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September 16, 2020

VA Puget Sound Researcher receives Middleton Award

Dr. Stephen Plymate Dr. Stephen Plymate

Dr. Stephen Plymate, an endocrinologist at the VA Puget Sound Health Care System and associate director of the Geriatric Research Education and Clinical Center, has received the 2020 William S. Middleton Award. It is the highest honor conferred by the VA Biomedical Laboratory Research and Development Service.

The Middleton award recognizes Plymate’s groundbreaking contributions to VA research, particularly the field of prostate cancer and its treatment. Prostate cancer is the second most common cancer among men and the leading cause of male cancer deaths. For over 28 years, Plymate has worked to help clinicians better understand which patients will respond to specific prostate cancer treatments, and to develop new drug therapies.

“Dr. Plymate’s work has made a significant, real-world impact in an area that is especially relevant to Veterans' health,” said Dr. Rachel Ramoni, VA chief research and development officer. "His work confirms VA's commitment to excellence in research and treatment of diseases affecting Veterans and patients worldwide."

Plymate is credited with scientific breakthroughs that clarified the biological mechanism underlying lethal, castration-resistant prostate cancer. The growth and spread of prostate cancer cells are driven by male hormones or androgens. One treatment for prostate cancer involves reducing the level of male hormones through drugs, a process referred to as chemical castration. Eventually, prostate cancer cells can become resistant to androgen deprivation therapy. Plymate's discovery of variants in androgen receptor (AR) proteins and the roles they play in treatment-resistant prostate cancers has led to better understanding why traditional therapies fail and how novel therapies can work.

Specific areas of investigation for Plymate include:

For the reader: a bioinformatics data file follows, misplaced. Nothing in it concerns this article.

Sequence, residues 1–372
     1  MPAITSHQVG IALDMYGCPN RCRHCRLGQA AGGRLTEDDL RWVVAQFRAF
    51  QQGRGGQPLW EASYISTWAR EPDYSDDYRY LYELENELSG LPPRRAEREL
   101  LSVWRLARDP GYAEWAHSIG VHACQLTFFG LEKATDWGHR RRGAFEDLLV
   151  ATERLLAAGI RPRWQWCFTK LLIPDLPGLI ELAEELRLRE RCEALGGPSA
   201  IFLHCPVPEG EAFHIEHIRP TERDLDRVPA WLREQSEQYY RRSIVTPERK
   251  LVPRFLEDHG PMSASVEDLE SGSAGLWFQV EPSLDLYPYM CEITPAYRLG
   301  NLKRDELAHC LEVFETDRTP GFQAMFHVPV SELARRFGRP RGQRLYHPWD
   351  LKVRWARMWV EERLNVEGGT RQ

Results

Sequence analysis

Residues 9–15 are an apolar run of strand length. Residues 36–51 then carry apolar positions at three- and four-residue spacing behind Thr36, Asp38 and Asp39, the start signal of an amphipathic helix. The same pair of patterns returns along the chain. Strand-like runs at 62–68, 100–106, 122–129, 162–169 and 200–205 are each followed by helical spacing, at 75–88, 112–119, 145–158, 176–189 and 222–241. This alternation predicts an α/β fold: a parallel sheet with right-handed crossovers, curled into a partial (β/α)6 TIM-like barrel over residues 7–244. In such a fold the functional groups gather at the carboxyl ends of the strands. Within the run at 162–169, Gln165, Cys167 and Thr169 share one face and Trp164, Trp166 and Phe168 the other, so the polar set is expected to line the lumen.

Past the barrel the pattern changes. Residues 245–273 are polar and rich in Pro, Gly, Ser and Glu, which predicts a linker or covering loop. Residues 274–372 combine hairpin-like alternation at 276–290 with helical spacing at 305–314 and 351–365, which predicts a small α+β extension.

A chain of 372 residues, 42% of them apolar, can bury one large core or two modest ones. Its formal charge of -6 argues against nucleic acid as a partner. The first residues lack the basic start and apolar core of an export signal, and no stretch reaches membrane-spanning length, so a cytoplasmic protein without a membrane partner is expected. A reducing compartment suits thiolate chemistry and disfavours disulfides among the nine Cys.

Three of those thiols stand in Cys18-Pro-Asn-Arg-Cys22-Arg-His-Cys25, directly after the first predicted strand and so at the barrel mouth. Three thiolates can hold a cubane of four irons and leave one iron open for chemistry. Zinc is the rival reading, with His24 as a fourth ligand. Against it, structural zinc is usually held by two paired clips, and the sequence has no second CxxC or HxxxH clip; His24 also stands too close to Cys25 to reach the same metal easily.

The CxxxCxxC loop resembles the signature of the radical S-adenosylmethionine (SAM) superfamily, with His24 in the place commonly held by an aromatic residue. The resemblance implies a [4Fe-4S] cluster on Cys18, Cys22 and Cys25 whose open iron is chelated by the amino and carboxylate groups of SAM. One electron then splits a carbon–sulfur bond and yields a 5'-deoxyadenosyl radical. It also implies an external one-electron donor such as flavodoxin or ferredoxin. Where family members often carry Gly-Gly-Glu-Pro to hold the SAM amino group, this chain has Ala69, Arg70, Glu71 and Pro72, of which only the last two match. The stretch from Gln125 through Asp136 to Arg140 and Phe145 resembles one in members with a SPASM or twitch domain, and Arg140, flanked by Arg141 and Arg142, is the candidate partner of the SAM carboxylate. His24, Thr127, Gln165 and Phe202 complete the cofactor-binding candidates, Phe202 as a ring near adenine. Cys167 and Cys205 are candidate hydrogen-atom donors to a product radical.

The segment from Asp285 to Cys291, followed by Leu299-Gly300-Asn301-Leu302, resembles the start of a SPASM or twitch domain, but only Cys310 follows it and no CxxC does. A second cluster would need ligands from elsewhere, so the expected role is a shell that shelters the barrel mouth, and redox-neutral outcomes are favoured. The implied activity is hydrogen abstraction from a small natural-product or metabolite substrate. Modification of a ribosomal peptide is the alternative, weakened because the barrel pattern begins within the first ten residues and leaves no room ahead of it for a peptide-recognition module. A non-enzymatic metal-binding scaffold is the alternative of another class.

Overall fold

• The control of prostate cancer growth and metastasis by inhibition of the type 1 insulin-like growth factor receptor (IGF-1R) using human monoclonal antibodies (man-made antibodies synthesized from cloned immune cells). Results in this area over the past year have shown that IGF-IR inhibition markedly enhances effects of castration by altering nuclear localization of the AR by changing AR phosphorylation sites. This work is funded by National Cancer Institute (NCI), National Institutes of Health (NIH).
  • Research on AR splice variants, which has led to better predictions of patient responses to therapies and more accurate prognoses of advanced prostate cancer. This work is funded by NCI, NCI Specialized Programs of Research Excellence, NIH, Department of Defense Congressionally Directed Medical Research Programs Transformative Grant Award, and a VA-Merit review.
  • The development of a new drug that can target AR in novel ways that do not involve the ligand binding domain. Plymate's preclinical studies on new compounds such as an orally bioavailable AR inhibitor, Epi-7386, is expected to support an Investigational New Drug filing this year and form the basis of a clinical trial. The trial is expected to have a real-world impact on the treatment of lethal, castration-resistant prostate cancer, a major concern in the Veteran population. Additionally, Plymate has developed new compounds targeting the metabolome of prostate cancer and the VA has participated in patents on some of these compounds.

Plymate is a professor of endocrinology in the department of medicine, director of prostate cancer endocrinology, as well as a founding member of the Institute for Prostate Cancer Research at the University of Washington School of Medicine and Fred Hutchison Cancer Research Center. He is also is also a Veteran himself, having retired at the rank of Colonel from the U.S. Army after 24 years. He has over 230 publications in peer-reviewed journals and is internationally known for his work.

The William S. Middleton Award is awarded annually to senior VA biomedical research scientists in recognition of outstanding scientific achievements in the areas of biomedical and bio-behavioral research. It was established in 1960 to honor Dr. William S. Middleton, distinguished educator, physician-scientist, and VA chief medical director from 1955 to 1963.

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